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Great Beauty, Great Sorrow 

This is my latest article for the Washington Post Travel Section: a trip to the historic leper colony on the most Hawaiian of Hawaiian islands: low-key Molokai (“Don’t try to change Molokai. Let Molokai change you.”) This expedition really moved me. I recommend it for everyone with an open heart and a sense of adventure.

https://www.washingtonpost.com/lifestyle/travel/on-molokai-a-visit-to-kalaupapa-national-historical-park-site-of-an-1860s-leper-colony/2017/11/01/34eb71b6-ba7d-11e7-be94-fabb0f1e9ffb_story.html?utm_term=.8aba74936f66

 

The Biennale in Venice: An Absurd Turn

When someone gets up and walks out of a performance disgusted, I often know I’m in the right place. That was the case at the Finnish Pavilion that is part of this year’s Biennale Arte, the massive world-comes-to-Venice contemporary art bash. Two young Finnish masters of the absurd presented “The Aalto Natives,” a mad multimedia experience that, in describing their country’s deep past and murky future, turned me into a screaming howler monkey. The animatronic sculptures of God, a big blue talking egg with buggy little eyes, and Son of God, a box with human eyes cruelly ripped from a human specimen, transit from stage to screen where they bitch-slap topics from religion, politics, nationalism, and intolerance to What the Heck’s the Matter with Finland? I fell hard for the Cosmic Duck and the wiggy Caveman buried according to his directions and against his will. Lots of sex! Dancing! Grotesquerie!  from the irreverent duo of Nathaniel Mellors and Erkka Nissinen. Quack, quack.

“The Aalto Natives” is a breath of hilarity in an often somber Biennale 2017, where Russian artists have created desperate half-formed prisoners trying to escape from stone (I was thinking “Michelangelo in Hell”) and German performance artists creep around like zombies under a vertigo-inducing glass floor in a room smelling of hospital disinfectant. We loved the works of Romanian artist Geta Bratescu, whose painted characters and animals seemed pulled from Middle Earth, and the Far North art of Kananginak Pootoogook, the first Inuit artist to take part in the fest.

The Biennale, begun in Venice in 1893, runs from spring to fall in odd-numbered years and is well worth planning a Venice trip around (we went in October and avoided the long lines). This year’s exhibit closes Nov. 26  (23.50 euros online, for both Biennale venues).  The 2019 event runs May 1-Nov. 30. And while you’re there, be sure to visit the Peggy Guggenheim museum, with one of the best modern collections in the world. Enjoy:

 

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 “The Aalto Natives”

Geta Bratescu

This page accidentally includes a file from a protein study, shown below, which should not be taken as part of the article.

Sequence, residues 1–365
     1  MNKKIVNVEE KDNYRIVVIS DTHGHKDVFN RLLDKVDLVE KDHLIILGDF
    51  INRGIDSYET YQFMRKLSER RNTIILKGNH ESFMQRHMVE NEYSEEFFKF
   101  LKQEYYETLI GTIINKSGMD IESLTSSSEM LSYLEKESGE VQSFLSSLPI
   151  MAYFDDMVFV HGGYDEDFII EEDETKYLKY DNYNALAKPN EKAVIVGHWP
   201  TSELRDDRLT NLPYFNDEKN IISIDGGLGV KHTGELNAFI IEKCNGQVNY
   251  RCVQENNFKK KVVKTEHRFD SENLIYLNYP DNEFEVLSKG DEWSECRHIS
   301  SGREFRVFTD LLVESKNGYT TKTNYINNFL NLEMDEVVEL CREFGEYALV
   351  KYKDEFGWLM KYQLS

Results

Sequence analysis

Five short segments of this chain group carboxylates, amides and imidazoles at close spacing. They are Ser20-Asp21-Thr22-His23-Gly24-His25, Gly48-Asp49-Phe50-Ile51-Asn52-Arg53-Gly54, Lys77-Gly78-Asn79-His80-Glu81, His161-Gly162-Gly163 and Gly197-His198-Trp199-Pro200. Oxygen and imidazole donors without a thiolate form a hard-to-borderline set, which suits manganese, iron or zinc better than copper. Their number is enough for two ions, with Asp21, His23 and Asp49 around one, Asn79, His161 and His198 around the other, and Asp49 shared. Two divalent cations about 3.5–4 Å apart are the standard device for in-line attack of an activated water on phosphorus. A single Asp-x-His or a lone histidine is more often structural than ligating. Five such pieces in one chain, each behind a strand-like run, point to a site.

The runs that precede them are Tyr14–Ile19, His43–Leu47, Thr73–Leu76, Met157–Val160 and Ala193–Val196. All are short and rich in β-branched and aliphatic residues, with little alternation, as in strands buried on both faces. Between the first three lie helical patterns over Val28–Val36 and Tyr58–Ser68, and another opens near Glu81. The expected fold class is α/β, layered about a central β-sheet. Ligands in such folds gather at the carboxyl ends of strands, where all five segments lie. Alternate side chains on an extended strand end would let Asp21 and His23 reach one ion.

John Waters (!)

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Best little wine bar in Barcelona

Zona d’Ombra is the coolest little wine bar in Barcelona. It’s close by Las Ramblas, but tucked into an untouristed side street. Wines are beautifully selected, from all regions of Spain — love the grenache and syrah blends. Nice little tapas: croquettes, salted local peppers, green olives marinated with lemon, mint, and basil. All reasonably priced. Best, it’s small, intimate, and totally charming. Super place away from the crowds to share a glass with a travel buddy. Website: www.zonadombra.es.

 

IS IT REAL. AND DOES IT MATTER? 

After four boys discovered the Stone Age Lascaux caves in 1940, chasing their dog down a rabbit hole and getting their minds blown, tourists flocked. But the visitors gave off heat, humidity, and carbon dioxide emissions that were not friendly to the paintings, and mold threatened the art. The cave was shut down to the public in the 1960’s and work began on a replica, authentic in every detail, right down to the millimeter.

I wasn’t sure about visiting a faux cave, now housed in a modernistic glass and steel building. Not the real thing, right? Partner Bob was super skeptical, and never quite got over the “fake” feel. But I was a sucker. After our guide advised us to take a moment, let our eyes adjust to the dark, and  took us down into the cold, dark cavern, I was gone, knocked sideways by the enormous, gorgeous, powerful animals that covered the walls, painted in ochres and bold black lines extracted from minerals some twenty thousand years ago.

I’d only seen small, flat images of these beasts. These weren’t flat. The artists had shaded the animals in 3D, sometimes using scattered paint  blown through hollowed bird bones to get the depth. There were animals painted inside animals: babies? Many of the beasts were painted in motion, with several hooves to indicate running, or heads tossed in repeating patterns — the first animation. Whole herds of moving, 3D animals with small heads and round bodies stomped across limestone walls, their bodies conforming to the stone’s contours.

 

I was astonished at the sophistication and beauty. Who were these people? Were these celebrations of the hunt? Living-room decor? Or were they images of worship? They would influence artists for decades after their discovery, including giants like Pablo Picasso and Jean DuBuffet. Interactive exhibits at the museum smartly explore these connections, linking paleolithic art to its modern progeny in surprising ways.

I felt a little smarter leaving than I arrived. I’d always thought of “cave men” as primitive dullards. Heavy brows, bent backs, huge clubs, linguistic grunts for communication. All instinct, no think. Wrong.

Timed entry is $16 euros. Book guided tour in your own language,  Website: http://reserver.lascaux.fr/en/to-do/a1324920/lascaux-international-center/showdetails